The Ideal Team Player

Teamwork is a subject that receives so much attention.

Almost every organisation wants more of it and is willing to invest in getting it – especially at the top where it is often in the shortest supply.

But do we know what qualities to look for in someone who will make a good team member?

The Ideal Team Player Book Patric Lencioni

Well this month Patrick Lencioni released his latest book, The Ideal Team Player.

It’s written in his usual style as a fable and it’s a wonderful read. In the book he describes the qualities of an ideal team player. I had a discussion with him about these qualities.

Question: Patrick what is your latest book all about?

This book is focused on individual team members rather than the dynamics of the team as a whole. I wrote it because while I’m confident that almost any group of people can become a team with the right amount of guidance and support, there are some individuals that greatly accelerate the process because they share three distinct attributes.

Question: What are these attributes?

The first and most important virtue of an ideal team player is humility.

A humble employee is someone who is more concerned with the success of the team than with getting credit for his or her contributions. People who lack humility in a significant way, the ones who demand a disproportionate amount of attention, are dangerous for a team.

Having said that, humble team players are not afraid to honestly acknowledge the skills and talents that they bring to the team, though never in a proud or boastful way.

The next virtue of an ideal team player is hunger – the desire to work hard and do whatever is necessary to help the team succeed.

Hungry employees almost never have to be pushed by a manager to work harder because they are self-motivated and diligent. They volunteer to fill gaps, take on more responsibilities and are eagerly looking around corners for new ways to contribute to the team.

The final virtue of a team player is not about being intelligent, but rather about being wise or smart in how to deal with people.

Smart employees understand the nuances of team dynamics, and know how their words and actions impact others. Their good judgment and intuition help them deal with others in the most effective way.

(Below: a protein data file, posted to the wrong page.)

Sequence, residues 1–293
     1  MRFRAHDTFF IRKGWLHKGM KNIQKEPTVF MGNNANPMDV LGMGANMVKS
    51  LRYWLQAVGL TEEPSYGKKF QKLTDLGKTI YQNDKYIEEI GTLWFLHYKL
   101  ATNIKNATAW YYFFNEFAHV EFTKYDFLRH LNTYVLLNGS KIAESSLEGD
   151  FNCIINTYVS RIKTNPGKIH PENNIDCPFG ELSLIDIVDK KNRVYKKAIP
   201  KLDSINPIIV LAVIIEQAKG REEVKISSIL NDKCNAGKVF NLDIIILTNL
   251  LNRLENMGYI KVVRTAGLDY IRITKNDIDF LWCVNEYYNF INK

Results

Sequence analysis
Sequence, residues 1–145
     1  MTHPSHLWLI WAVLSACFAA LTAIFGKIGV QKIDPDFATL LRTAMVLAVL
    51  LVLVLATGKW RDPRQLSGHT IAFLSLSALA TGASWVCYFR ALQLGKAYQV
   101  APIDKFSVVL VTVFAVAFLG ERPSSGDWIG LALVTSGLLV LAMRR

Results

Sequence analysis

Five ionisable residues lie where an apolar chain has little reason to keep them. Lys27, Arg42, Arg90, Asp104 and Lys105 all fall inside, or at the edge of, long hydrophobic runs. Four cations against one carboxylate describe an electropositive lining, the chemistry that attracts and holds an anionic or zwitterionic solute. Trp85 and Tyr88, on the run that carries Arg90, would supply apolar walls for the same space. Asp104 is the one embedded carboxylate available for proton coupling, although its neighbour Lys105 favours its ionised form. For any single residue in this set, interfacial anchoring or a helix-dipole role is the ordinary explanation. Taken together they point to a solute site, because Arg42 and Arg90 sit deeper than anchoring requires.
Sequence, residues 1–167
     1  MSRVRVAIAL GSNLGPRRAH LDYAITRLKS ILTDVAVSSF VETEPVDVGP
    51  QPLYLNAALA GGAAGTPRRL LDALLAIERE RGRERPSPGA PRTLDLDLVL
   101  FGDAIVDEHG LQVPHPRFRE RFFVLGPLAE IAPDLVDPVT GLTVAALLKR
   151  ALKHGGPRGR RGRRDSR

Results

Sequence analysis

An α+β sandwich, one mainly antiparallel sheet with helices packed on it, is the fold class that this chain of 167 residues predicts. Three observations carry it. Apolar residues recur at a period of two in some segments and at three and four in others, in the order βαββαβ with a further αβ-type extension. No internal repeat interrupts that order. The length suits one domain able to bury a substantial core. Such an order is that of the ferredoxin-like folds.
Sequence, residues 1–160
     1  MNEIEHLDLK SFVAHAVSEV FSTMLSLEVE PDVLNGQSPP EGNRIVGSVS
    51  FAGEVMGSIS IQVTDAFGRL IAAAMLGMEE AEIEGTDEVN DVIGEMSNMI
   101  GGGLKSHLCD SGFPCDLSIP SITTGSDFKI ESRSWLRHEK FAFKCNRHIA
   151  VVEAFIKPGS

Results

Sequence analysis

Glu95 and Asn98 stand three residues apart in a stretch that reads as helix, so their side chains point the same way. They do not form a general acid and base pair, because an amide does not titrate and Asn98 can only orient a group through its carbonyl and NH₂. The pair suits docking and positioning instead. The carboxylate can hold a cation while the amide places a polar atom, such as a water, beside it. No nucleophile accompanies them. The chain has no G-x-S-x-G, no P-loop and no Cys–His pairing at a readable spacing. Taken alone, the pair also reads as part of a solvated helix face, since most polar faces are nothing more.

Question: What is the payoff for the team of these attributes?

The impact of ensuring that members of a team value and demonstrate these attributes cannot be overstated. Most teams that struggle are not lacking in knowledge or competence as much as they are unable to access that knowledge and competence because of dysfunctional behaviours.

A team full of people who are humble, hungry and smart will overcome those dysfunctions quickly and easily, allowing them to get more done in less time and with far fewer distractions.

Actually I’ve come to the conclusion that these three seemingly obvious qualities are to teamwork what speed, strength and coordination are to athletics—they make everything else easier.

Question: Of the three do you think any is more important than the other?

Yes, undoubtedly for teamwork the most important of these virtues is humility. The ultimate foundation of being a team player is a person being willing and able to put the team’s interests above his or her own. Only a truly humble person can do this effectively.

Question: Finally Patrick how do managers cultivate these qualities in their teams?

The most reliable way to ensure that teamwork takes hold is to hire only ideal team players. Of course, that is neither possible nor practical, especially considering that most leaders don’t have the luxury of creating their teams from scratch.

But all leaders can certainly do their best to try to recruit, select and hire people who are humble, hungry and smart when an opportunity arises to bring on someone new.

In my book I’ve outlined interview questions and assessment resources that can help managers and leaders mine for the qualities in potential job candidates. By interviewing thoroughly and checking references with an eye towards a candidate’s reputation and behaviour, a manager can hire people with a high degree of confidence that they’ll be good team players.

Patrick-Lencioni Interview LeadershipWorks

This book is a must read for any organisation that’s serious about teamwork.

All too often an organisation launches into the team building process without first thinking about this critical piece of the teamwork puzzle – the individuals and the qualities they possess.

We still have a few copies of the book to give away.

Please comment below – tell us what individual qualities are important to you in the members of your team and we’ll send a copy of the Ideal Team Player to selected contributors.

17 replies
  1. Danie
    Danie says:

    We have had some excellent results in as far as team work is concerned which was accomplished through a structured intervention around 2 – 2.5 years ago and still holds. The aspects that are described resonates and are aligned to the important aspects that we focussed on. Humility is very important and through that ensuring that the team goals are superior to the individual’s. “Whatever it takes” is embedded in our language and I hear it being used very often. The third aspect that we focussed on is having a “responsible” rather than “victim” mindset. This has served us well and we are busy working with the wider organisation on this.

    • Grant Ashfield
      Grant Ashfield says:

      Hi Danie – thanks for your comment. Moving from the victim mindset on a team to really throwing your hat in the ring and adding value is a huge shift. I am interested to learn from you how this is going with the wider organisation.

  2. Ivy Morulane
    Ivy Morulane says:

    I believe humility is the key to great teams, I really didn’t know of smart team members till today although I have always believed that listening skills also adds value to being a great team leader.